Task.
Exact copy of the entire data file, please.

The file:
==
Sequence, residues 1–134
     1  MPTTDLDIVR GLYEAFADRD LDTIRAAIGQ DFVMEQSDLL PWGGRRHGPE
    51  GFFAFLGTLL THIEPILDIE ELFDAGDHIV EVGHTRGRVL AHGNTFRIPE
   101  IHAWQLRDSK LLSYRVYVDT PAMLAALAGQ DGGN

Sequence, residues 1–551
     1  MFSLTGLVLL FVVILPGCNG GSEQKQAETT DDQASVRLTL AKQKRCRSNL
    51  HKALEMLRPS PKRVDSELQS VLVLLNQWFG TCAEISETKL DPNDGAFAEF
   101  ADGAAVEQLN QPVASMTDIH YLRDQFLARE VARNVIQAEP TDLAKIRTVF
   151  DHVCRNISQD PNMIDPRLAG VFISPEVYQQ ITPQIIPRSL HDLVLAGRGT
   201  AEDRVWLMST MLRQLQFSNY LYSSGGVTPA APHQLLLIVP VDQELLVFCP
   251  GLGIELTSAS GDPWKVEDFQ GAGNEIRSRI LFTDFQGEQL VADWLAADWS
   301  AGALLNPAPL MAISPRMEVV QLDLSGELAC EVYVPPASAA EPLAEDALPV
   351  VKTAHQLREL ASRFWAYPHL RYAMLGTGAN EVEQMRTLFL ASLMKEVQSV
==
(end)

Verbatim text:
Sequence, residues 1–134
     1  MPTTDLDIVR GLYEAFADRD LDTIRAAIGQ DFVMEQSDLL PWGGRRHGPE
    51  GFFAFLGTLL THIEPILDIE ELFDAGDHIV EVGHTRGRVL AHGNTFRIPE
   101  IHAWQLRDSK LLSYRVYVDT PAMLAALAGQ DGGN

Sequence, residues 1–551
     1  MFSLTGLVLL FVVILPGCNG GSEQKQAETT DDQASVRLTL AKQKRCRSNL
    51  HKALEMLRPS PKRVDSELQS VLVLLNQWFG TCAEISETKL DPNDGAFAEF
   101  ADGAAVEQLN QPVASMTDIH YLRDQFLARE VARNVIQAEP TDLAKIRTVF
   151  DHVCRNISQD PNMIDPRLAG VFISPEVYQQ ITPQIIPRSL HDLVLAGRGT
   201  AEDRVWLMST MLRQLQFSNY LYSSGGVTPA APHQLLLIVP VDQELLVFCP
   251  GLGIELTSAS GDPWKVEDFQ GAGNEIRSRI LFTDFQGEQL VADWLAADWS
   301  AGALLNPAPL MAISPRMEVV QLDLSGELAC EVYVPPASAA EPLAEDALPV
   351  VKTAHQLREL ASRFWAYPHL RYAMLGTGAN EVEQMRTLFL ASLMKEVQSV